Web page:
DL star power proves elusive for Notre Dame
While making his rounds visiting the nation’s top high school football players in the Class of 2015 last week, CBS Sports recruiting analyst Tom Lemming spent time with Albert Huggins in Orangeburg, S.C.
Lemming said the 6-foot-4, 285-pound Huggins, regarded as the best player in South Carolina and one of the best defensive linemen in the country in next year’s recruiting class, has 20 scholarship offers from several big-time colleges.
But, according to Lemming, Notre Dame’s not one of them.
Making an early (heck, in terms of today’s recruiting world, it may be considered late) pitch for Huggins might not be a bad idea for the Irish.
“Huggins has the grades to get into Notre Dame, so that’s not a problem,” Lemming said. “(Huggins) told me he got a questionnaire from Notre Dame, but that’s it.”
When Lemming had finished his conversation with Huggins, he said Alabama coach Nick Saban was waiting at the door.
Within a span of two recruiting cycles, Notre Dame has lost some amazing talent
along the defensive line. Louis Nix and Stephon Tuitt each left a year of eligibility on the table when they rolled the dice for what could be first-round selections in May’s NFL draft. Aaron Lynch bolted for The League after two years of college ball — one at Notre Dame and one at South Florida — and Eddie Vanderdoes left the Irish for UCLA after he signed with Notre Dame last year.
Given those situations, the Brian Kelly regime at Notre Dame obviously has a track record for landing top defensive line talent. Still, the fact of the matter is the current group of recruits, who will sign letters-of-intent Wednesday, may lack the star power of phenoms gone by.
Six guys — ends Andrew Trumbetti (already enrolled) and Jonathan Bonner; end/outside linebackers Grant Blankenship and Jhonny Williams; end/tackle Jay Hayes; and nose guard Pete Mokwuah — comprise what appears to be the signing-day haul to bolster the Irish defensive line.
That perceived dip in the talent level comes at a difficult time for Kelly and his new defensive coordinator Brian VanGorder.
In a perfect world — seen through shamrock-crusted glasses — having Nix, Tuitt, Lynch and Vanderdoes, along with Sheldon Day, on the Irish defensive line in 2014 would have made for an imposing front, no matter the scheme VanGorder would have chosen.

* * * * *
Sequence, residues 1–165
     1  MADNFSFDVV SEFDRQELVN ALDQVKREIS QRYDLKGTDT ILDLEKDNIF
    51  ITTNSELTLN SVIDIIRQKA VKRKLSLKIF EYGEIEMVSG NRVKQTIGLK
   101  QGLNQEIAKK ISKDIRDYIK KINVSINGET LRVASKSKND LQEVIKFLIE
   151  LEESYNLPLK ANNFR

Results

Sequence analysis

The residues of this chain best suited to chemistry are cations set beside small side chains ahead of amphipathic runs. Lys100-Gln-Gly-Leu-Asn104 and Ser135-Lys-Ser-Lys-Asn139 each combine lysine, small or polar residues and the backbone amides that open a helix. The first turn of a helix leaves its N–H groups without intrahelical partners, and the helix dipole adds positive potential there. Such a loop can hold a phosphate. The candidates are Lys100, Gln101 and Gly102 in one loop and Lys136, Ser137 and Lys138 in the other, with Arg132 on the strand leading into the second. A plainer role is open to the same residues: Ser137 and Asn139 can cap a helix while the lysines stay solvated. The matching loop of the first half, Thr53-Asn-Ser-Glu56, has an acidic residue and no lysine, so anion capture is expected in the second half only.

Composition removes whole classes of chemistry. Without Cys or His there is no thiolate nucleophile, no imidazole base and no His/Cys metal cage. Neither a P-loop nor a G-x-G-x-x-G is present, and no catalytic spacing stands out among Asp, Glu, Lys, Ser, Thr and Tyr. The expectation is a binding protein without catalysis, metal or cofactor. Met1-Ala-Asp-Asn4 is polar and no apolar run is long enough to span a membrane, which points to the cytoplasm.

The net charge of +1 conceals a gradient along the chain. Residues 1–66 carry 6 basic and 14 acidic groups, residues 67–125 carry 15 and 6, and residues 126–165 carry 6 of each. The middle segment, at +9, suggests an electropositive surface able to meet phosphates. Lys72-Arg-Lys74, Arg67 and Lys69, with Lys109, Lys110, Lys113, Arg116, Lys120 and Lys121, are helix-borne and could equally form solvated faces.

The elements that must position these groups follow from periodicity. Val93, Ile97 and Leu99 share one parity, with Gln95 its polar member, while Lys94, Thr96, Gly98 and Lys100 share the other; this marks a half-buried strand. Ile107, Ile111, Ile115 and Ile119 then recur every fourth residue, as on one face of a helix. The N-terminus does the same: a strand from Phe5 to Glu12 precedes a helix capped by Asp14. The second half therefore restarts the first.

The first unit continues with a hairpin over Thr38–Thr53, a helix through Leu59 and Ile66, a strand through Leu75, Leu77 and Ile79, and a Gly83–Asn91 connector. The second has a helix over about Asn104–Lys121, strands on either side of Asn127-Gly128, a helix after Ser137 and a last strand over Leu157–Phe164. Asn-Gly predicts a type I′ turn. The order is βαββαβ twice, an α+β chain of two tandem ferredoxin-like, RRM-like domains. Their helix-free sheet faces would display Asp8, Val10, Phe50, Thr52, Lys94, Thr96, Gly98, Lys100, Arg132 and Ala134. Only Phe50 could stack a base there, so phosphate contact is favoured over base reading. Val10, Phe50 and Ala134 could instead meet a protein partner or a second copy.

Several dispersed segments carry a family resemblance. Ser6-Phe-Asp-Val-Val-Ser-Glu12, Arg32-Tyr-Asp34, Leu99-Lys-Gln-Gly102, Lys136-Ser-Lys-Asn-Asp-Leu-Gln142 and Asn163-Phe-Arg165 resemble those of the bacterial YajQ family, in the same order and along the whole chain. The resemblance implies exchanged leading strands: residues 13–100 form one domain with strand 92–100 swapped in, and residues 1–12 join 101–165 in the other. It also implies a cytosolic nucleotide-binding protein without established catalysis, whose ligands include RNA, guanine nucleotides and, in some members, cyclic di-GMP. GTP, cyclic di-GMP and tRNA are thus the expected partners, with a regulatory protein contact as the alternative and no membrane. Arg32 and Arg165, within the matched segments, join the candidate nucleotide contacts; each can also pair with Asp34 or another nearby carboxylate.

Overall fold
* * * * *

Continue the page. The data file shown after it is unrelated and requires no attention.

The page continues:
Instead, Day will be the only proven entity along the line. That’s why making a big splash with a ready-to-use big man was a mandate that doesn’t seem to have been answered with this class.
At least, it depends on who’s talking.
“It’s a tough position to fill,” Lemming said of stocking the defensive line. “You need a 300-pound guy who can run like a tight end. You need someone who is quicker and more athletic than an offensive lineman.”
“No matter what level, you need big, physical, fast guys up front to keep the offensive linemen off the linebackers,” said Penn High coach Cory Yeoman, who played defensive line at Miami (Ohio) from 1980-83. “Those guys are rare.
“I remember watching Sheldon Day in high school (at Warren Central in Indianapolis). A lot of people would say even he was undersized (6-foot-2, 290 pounds). Look at what a great player he’s become.”
“The interior guys are a whole different breed (compared to defensive ends),” said Bryan Mattison, a Penn High grad who played defensive end at the University of Iowa in 2003-07. “I’ve never had to recruit, but I could imagine it would be difficult to find that guy.
“Great linebackers get to be that way because they have great defensive linemen in front of them. Keep the offensive linemen off them, then let (the linebacker) make an open-field tackle.”
It’s all a process. The process begins up front.
“The key is to recognize them as freshmen or sophomores, then recruit them for at least two years,” said Lemming.
That’s why Lemming feels the Irish have already missed the boat on a talented athlete like Huggins, who is in the second semester of his junior year.
“Notre Dame’s (2014) class, in my opinion, is lacking impact players at running back, wide receiver and the defensive line,” said Lemming.
The young talent already in place at running back and receiver on the roster can make up for this deficiency, but defensive line ...
Steve Wiltfong, a recruiting analyst for 247Sports, isn’t convinced the Irish stockpile won’t be a quality ensemble of defensive linemen.
“The defensive line is one of the strengths of their class,” Wiltfong said. “All of them have explosiveness. They aren’t getting any plodders.”
According to Wiltfong, one of the biggest disappointments the Irish dealt with during this recruiting period was the loss of four-star defensive lineman Matt Dickerson, who flipped from Notre Dame to UCLA when a family situation surfaced.
“Losing Dickerson really hurt,” Wiltfong said. “With him, that class could have been rated a lot higher.”
Ratings aside, the Irish will have to figure out a way to piece together a line around Day with relatively unknown commodities like Jarron Jones, Isaac Rochell and Jacob Matuska, along with Tony Springmann, who missed all of last season after knee surgery, and maybe even Ishaq Williams and Romeo Okwara, who might find their way from linebacker to defensive line.
Many possibilities. But, how many legitimate answers to some pretty significant questions up front?
“This was an excellent year for defensive linemen all over the country,” Lemming said. “All it takes is the stick-to-it-tivenss of the assistants in their area of the country. Georgia, Texas, Florida, South Carolina — there were great players in a lot of places.
“Notre Dame is the easiest school in America to sell. The key is to stay on top of those recruits the whole time. Recruiting’s no longer a one-year process.”
An inexact science with a 24/7/365 timetable.
And, oh yeah, just a wee bit of pressure.